Romeo Okwara’s future as a Detroit Lion is definitely up in the air, and he has popped up prominently on a couple fresh lists of cut candidates.
To say Romeo Okwara has had an up-and-down tenure as a Detroit Lion would be putting it mildly. Claimed off waivers from the New York Giants in 2018, he led the Lions with 7.5 sacks that season. After getting just 1.5 sacks in 2019, he led the Lions in sacks again in 2020 with 10.
Okwara was rewarded with a three-year, $37 million contract extension in 2021, by the then-new Lions’ regime. In Week 4 of the 2021 season he suffered a torn Achilles, which sidelined him for over a year.
In his second game last season, Week 15 against the New York Jets, Okwara had two sacks and earned a SideLion Report game ball for his performance. Then he had zero sacks over the final three games of the season.
As the Lions have added pieces to their defensive line, Okwara has been largely out of the mix the last two seasons. He is now entering the final year of his contract (with a void year in 2024).
Romeo Okwara lands prominently on list of NFL cut candidates
Okwara was prominently mentioned in our prediction of who the next Lions cap casualty will be, before Halapoulivaati Vaitai was the prediction. But Okwara is definitely on shaky ground.
Michael Middlehurst-Schwartz of USA TODAY is out with a list of 15 notable NFL veterans who could be cut. There are some very big names there–Ezekiel Elliott, Dalvin Cook, Joe Mixon, Keenan Allen–but Okwara made it.
"The trimming in Detroit began Thursday with the release of defensive tackle Michael Brockers, and it likely won’t end there. Despite already being well under the cap, the Lions can create more space for free-agent spending by parting ways with Okwara, who has played in just nine games the last two years due to a torn Achilles. The Lions’ defensive youth movement likely will continue this offseason – perhaps with a defensive end chosen with one of the team’s four picks among the top 55 selections – and the team can save $7.5 million with a split."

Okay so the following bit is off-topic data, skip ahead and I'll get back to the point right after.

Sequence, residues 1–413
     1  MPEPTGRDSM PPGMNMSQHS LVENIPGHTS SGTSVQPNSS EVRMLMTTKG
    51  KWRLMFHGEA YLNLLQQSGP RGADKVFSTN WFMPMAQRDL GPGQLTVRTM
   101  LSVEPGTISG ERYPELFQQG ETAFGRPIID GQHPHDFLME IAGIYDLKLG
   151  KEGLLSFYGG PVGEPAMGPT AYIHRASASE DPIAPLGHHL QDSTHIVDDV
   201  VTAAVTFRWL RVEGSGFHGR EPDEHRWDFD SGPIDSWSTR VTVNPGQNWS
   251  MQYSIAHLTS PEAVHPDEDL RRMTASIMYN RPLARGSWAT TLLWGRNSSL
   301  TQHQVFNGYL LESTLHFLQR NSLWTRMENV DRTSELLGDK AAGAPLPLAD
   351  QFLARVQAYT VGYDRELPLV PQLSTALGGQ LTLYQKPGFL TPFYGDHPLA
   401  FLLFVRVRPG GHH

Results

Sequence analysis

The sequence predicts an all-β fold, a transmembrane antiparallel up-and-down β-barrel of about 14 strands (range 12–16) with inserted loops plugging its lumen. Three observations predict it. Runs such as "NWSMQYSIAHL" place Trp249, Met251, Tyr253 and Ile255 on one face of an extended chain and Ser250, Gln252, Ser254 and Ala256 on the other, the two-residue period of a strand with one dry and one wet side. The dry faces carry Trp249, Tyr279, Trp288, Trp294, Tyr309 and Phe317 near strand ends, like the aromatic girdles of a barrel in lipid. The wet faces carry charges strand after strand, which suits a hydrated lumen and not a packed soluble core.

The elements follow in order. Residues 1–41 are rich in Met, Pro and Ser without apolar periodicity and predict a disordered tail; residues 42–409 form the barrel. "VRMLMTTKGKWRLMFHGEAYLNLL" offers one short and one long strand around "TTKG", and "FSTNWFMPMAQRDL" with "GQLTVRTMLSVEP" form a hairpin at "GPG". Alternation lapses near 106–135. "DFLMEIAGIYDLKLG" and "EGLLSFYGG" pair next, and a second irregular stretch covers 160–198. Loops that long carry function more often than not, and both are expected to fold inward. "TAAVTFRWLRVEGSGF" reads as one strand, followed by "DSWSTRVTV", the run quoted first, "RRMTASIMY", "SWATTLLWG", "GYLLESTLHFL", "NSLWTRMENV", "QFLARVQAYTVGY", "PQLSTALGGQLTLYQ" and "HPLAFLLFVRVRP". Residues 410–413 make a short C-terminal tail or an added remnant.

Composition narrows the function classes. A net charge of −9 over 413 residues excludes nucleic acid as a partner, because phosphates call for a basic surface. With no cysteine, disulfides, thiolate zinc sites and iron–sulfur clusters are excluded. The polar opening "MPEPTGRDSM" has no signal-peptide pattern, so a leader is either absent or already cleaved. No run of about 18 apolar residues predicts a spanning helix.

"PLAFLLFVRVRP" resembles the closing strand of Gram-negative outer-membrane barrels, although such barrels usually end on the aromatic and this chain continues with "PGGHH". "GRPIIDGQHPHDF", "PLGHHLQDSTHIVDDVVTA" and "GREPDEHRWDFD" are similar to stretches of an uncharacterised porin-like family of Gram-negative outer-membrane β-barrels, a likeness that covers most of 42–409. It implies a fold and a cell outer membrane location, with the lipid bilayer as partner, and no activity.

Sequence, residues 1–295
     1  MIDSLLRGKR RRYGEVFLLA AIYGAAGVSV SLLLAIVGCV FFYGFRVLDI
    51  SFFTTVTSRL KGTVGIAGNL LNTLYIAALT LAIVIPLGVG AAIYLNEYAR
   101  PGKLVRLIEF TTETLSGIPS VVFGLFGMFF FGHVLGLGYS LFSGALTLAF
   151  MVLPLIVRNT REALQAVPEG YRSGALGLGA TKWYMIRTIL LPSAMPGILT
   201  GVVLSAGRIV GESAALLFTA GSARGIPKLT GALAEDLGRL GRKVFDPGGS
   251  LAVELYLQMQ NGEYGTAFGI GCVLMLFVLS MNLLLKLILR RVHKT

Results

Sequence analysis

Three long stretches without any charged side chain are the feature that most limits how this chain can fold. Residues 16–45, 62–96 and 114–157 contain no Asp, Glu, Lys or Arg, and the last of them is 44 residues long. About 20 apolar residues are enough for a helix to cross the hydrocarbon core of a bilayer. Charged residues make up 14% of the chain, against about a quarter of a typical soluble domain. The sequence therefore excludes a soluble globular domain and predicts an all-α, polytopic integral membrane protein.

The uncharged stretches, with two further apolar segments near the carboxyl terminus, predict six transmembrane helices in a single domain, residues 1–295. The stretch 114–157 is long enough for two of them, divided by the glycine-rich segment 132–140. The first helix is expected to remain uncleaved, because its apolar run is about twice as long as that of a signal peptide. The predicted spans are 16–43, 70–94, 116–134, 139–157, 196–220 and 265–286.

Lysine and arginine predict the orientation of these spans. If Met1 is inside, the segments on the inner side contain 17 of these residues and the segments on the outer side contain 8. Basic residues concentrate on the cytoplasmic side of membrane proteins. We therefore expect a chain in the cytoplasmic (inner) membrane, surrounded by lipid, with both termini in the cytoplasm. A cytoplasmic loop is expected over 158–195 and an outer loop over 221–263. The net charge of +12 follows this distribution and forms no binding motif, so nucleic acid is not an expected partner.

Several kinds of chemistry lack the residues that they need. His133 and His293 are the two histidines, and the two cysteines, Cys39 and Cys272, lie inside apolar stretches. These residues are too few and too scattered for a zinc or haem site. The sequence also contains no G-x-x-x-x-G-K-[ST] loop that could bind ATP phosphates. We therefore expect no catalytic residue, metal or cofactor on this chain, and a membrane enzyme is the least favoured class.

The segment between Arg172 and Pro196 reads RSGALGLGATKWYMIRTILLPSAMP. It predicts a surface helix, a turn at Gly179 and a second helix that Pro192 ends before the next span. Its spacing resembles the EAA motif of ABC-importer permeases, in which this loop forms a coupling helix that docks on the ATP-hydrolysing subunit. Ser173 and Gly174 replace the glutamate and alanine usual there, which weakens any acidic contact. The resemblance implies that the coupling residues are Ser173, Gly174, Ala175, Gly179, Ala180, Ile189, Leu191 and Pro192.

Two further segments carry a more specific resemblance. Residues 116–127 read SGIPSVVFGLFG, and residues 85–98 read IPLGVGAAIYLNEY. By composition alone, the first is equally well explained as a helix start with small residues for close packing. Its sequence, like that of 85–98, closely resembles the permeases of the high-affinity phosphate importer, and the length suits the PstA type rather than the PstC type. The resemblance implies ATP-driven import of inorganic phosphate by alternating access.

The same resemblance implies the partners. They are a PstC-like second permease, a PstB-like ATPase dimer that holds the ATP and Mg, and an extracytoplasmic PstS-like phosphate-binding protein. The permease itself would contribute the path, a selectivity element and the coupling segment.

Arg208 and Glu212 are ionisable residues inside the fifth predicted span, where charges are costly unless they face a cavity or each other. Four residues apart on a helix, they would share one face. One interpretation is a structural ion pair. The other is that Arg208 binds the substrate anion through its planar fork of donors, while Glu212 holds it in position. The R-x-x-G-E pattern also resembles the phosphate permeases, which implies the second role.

A pre-June 1 cut of Okwara will clear $7.5 million in cap space, with $7 million in dead money. Post-June 1, it would shift to $11 million in cleared cap space and $3.5 million in dead money. There would be $3.5 million more in dead money in 2024, thanks to spreading out the cap hit for his signing bonus into that void year.
But ultimately, those are all financial distinctions that will make little difference for the Lions as they consider what to do with Okwara. A contract restructure, or his agreeing to take an outright pay cut to stay, are possibilities.